I originally created this recipe for cinnamon-spiced chickpea and lentil stew as a vegan entrée to serve for the Jewish holiday of Purim, an occasion that’s more focused on sweets and treats than savory dishes.
Because part of the story of Purim takes place in Persia (present-day Iran), it seems fitting to incorporate traditional Persian flavorings and spices into a main dish for this festive holiday. Cinnamon, a beloved spice in Persian cuisine, for example, isn’t used in savory dishes as much as it deserves to be — it adds a warm, subtly complex flavor to this stew.
Like all satisfying stews, this one relies on your own palate and sense of flavor to adjust seasonings. Cinnamon and cumin are must-haves, but there’s an array of other optional spices that you can experiment with.
Of course, you need not save this dish for any particular special occasion. It’s an easy-to-prepare dish that will warm you up on any chilly fall or winter night.
Photos by Evan Atlas
- 1 1/2 tablespoons olive oil
- 2 medium onions, chopped
- 2 to 3 cloves garlic, minced
- One 28-ounce can or two 15-ounce cans chickpeas, drained and rinsed
- 3 cups cooked lentils (or two 15-ounce cans, drained and rinsed)
- 28-ounce can diced tomatoes (try fire-roasted)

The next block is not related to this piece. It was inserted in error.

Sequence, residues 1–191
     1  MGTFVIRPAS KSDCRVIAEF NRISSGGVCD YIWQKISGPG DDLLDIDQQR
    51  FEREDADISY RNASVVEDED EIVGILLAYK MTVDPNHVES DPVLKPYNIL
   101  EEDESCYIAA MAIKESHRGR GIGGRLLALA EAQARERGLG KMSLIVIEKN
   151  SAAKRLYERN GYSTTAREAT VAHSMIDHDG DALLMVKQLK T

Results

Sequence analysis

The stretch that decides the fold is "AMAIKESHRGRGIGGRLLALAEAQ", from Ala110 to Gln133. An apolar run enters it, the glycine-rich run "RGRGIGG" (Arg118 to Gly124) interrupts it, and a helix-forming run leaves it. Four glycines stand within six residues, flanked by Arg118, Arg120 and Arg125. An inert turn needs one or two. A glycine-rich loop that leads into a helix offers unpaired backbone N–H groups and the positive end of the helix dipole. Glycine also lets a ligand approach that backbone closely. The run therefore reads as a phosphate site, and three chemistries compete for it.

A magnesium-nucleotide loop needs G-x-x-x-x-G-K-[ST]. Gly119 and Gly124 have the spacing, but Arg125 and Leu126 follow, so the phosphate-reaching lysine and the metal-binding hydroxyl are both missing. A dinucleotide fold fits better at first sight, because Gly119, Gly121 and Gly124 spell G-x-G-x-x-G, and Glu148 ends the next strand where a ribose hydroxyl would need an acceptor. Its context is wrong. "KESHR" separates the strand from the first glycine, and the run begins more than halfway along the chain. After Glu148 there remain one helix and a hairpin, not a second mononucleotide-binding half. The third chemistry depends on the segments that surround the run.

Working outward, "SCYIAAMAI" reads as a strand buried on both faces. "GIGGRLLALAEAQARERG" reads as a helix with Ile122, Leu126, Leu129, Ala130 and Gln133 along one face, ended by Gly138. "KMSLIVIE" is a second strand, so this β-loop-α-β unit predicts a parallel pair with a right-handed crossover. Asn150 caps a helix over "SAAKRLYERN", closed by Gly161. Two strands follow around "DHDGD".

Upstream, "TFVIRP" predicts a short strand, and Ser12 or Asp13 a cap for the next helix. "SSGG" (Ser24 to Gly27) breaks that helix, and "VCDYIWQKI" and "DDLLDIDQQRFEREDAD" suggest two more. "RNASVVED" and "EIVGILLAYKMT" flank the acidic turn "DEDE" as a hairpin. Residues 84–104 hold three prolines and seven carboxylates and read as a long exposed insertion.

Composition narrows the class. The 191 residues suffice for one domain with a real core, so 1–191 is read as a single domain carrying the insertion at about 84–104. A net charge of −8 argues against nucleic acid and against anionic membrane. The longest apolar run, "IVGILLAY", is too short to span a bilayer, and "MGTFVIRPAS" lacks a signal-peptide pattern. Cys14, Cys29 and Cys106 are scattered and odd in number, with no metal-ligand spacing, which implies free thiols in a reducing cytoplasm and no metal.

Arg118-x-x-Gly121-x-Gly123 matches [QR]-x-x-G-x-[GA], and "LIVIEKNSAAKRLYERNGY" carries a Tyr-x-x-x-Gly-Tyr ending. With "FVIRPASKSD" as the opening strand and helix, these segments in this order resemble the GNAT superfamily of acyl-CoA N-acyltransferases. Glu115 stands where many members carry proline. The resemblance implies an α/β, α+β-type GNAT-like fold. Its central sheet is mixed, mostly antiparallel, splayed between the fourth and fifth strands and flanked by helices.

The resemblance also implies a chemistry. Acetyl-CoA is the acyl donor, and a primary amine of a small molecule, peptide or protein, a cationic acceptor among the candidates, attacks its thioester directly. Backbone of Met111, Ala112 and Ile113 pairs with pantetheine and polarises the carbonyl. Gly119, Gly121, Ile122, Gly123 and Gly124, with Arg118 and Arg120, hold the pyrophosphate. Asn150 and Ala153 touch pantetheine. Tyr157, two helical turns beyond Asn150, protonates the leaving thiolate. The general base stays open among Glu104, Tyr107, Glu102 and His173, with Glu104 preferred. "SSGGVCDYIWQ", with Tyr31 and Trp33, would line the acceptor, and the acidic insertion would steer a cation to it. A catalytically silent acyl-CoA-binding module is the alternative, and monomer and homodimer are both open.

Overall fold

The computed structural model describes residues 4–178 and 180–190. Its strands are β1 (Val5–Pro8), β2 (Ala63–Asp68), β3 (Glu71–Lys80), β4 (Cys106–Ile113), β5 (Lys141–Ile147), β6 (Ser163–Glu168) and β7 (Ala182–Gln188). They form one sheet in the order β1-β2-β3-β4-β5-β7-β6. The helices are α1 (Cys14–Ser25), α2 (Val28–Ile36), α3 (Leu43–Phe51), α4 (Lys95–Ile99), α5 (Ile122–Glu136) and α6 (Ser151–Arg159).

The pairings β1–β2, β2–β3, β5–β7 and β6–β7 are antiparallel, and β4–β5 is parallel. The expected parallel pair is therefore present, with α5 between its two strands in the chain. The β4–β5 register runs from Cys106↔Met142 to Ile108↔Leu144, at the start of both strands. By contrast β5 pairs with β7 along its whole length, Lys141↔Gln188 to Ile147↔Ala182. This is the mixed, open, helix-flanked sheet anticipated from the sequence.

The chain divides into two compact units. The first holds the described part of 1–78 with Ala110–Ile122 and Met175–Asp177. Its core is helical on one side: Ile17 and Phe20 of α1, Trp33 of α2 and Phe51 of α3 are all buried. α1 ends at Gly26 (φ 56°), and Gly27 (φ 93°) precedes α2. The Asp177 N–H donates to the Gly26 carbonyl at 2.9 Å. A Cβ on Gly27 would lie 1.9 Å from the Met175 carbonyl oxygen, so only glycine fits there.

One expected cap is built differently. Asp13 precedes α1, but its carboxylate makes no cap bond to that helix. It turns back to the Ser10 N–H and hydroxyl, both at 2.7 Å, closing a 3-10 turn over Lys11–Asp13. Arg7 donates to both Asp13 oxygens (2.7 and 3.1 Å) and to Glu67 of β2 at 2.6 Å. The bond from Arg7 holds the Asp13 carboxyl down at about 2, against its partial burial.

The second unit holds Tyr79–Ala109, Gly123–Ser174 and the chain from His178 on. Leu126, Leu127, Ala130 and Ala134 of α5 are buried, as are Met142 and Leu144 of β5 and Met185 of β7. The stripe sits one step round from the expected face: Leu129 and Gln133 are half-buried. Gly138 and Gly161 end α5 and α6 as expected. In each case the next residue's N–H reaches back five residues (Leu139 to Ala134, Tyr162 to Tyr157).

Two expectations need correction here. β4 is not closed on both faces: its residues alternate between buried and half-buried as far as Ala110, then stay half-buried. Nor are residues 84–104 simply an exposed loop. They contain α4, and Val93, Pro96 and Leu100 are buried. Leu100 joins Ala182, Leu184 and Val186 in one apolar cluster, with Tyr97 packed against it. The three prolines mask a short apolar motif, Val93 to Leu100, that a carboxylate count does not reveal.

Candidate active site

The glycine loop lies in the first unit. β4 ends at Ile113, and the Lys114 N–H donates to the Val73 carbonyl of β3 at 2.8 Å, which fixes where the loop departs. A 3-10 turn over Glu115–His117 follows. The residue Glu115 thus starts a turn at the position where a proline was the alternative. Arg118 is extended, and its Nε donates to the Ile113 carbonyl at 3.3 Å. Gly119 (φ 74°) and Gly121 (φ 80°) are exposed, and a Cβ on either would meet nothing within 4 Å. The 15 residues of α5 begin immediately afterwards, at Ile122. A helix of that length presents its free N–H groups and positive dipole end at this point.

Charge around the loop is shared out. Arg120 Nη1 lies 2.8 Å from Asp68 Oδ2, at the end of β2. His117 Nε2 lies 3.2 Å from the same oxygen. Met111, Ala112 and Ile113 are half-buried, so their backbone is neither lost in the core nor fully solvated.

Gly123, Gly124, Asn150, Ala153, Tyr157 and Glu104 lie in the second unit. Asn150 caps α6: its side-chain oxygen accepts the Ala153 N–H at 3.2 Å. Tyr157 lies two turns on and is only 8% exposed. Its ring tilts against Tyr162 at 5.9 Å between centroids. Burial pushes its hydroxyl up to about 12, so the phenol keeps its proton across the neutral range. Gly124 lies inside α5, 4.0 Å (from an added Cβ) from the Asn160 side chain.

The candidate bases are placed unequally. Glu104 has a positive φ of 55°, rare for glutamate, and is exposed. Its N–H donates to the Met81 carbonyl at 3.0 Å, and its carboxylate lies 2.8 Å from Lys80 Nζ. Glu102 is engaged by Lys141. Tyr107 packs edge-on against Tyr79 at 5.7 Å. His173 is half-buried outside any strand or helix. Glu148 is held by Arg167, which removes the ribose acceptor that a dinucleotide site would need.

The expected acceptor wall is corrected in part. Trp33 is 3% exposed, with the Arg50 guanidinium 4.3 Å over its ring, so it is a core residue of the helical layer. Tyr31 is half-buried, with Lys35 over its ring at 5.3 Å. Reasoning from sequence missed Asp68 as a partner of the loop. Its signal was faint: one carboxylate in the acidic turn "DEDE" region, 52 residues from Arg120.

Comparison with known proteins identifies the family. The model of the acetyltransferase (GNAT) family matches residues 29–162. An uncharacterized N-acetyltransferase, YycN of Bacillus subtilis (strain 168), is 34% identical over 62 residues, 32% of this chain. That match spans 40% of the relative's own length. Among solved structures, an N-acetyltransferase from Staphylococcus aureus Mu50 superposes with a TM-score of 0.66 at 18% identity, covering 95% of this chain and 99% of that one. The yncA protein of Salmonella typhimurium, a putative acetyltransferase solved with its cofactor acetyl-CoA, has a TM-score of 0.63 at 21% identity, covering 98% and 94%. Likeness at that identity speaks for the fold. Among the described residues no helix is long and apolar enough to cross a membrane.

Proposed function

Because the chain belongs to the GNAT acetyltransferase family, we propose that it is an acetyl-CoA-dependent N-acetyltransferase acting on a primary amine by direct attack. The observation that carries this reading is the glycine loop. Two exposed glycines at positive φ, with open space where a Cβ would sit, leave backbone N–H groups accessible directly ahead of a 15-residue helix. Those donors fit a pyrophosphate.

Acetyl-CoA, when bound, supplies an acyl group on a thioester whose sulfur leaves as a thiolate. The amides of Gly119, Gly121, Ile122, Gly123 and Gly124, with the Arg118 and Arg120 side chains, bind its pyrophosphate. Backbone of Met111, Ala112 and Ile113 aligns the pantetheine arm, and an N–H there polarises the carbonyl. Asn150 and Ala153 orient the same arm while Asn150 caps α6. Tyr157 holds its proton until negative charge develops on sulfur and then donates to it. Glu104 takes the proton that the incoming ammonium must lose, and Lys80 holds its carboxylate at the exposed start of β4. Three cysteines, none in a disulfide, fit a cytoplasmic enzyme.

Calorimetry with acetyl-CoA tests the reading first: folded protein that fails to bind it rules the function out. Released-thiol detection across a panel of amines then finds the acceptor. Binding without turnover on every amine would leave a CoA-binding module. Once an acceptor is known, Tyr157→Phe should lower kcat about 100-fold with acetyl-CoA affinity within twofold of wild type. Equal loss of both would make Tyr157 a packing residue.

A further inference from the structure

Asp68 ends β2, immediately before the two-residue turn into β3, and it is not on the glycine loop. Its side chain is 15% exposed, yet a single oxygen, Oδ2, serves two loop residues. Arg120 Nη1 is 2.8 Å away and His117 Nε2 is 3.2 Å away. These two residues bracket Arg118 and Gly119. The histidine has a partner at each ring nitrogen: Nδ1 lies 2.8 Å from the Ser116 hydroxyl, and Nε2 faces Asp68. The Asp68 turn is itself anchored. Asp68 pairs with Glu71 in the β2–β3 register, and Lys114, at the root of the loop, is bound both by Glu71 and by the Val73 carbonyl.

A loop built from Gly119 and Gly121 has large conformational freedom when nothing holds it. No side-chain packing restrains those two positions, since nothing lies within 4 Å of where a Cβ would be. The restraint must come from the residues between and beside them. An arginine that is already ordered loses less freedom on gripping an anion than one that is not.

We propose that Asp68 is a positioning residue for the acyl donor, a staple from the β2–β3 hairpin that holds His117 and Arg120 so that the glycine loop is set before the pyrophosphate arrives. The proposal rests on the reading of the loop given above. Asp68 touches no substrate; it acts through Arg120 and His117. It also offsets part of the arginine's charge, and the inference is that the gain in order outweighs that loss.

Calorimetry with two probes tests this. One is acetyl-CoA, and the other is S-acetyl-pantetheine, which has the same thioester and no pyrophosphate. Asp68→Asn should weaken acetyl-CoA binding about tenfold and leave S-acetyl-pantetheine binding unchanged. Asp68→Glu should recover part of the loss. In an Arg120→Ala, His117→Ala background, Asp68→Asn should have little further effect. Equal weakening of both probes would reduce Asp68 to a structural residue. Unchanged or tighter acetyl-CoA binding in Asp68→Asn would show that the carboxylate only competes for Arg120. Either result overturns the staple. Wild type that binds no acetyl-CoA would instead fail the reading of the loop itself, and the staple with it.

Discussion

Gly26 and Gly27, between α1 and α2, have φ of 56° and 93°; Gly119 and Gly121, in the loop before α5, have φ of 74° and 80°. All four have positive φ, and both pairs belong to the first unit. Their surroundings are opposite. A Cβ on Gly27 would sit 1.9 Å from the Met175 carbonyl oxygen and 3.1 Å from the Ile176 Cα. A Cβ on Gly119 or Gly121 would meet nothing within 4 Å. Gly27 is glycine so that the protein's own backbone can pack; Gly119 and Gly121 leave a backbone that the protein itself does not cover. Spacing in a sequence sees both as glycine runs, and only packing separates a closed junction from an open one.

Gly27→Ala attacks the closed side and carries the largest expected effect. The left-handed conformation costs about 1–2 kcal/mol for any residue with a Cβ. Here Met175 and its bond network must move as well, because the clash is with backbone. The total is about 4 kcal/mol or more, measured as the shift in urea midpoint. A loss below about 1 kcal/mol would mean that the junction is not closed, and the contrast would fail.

- 1 to 2 teaspoons ground cumin, to taste
- 1 teaspoon cinnamon
- 2 teaspoons sweet paprika
- Optional seasonings, to taste (see in Notes)
- 2 medium zucchini, diced
- 1/4 cup dry red wine, optional but highly recommended
- Salt and freshly ground pepper to taste
- 1/2 cup chopped fresh parsley or cilantro
- Heat the oil in a soup pot. Add the onions and sauté over medium heat until translucent. Add the garlic and continue to sauté until both are golden, about 5 to 7 minutes.
- Add the chickpeas, lentils, tomatoes, cumin, cinnamon, paprika, and optional seasonings described in the note, below. Turn up the heat; when the mixture starts to bubble, turn the heat down.
- Add the zucchini and optional wine. Cover and simmer gently with the cover ajar for 8 to 10 minutes, or until the zucchini is tender but not overdone.
- Season with salt and pepper and add a pinch of dried hot red pepper flakes if you’d like a bit more heat.
- Stir in the parsley and serve in shallow bowls. You can also let the stew stand off the heat for 30 minutes or so to let the flavors deepen a bit more.
To enhance the traditional Persian seasonings in this dish, you can also add a pinch of any or all of the following: ground cloves, cardamom, and coriander. You can also add some grated fresh ginger and/or a few threads of saffron.
This recipe and accompanying story original ran on The Jewish Food Experience. Reprinted by arrangement.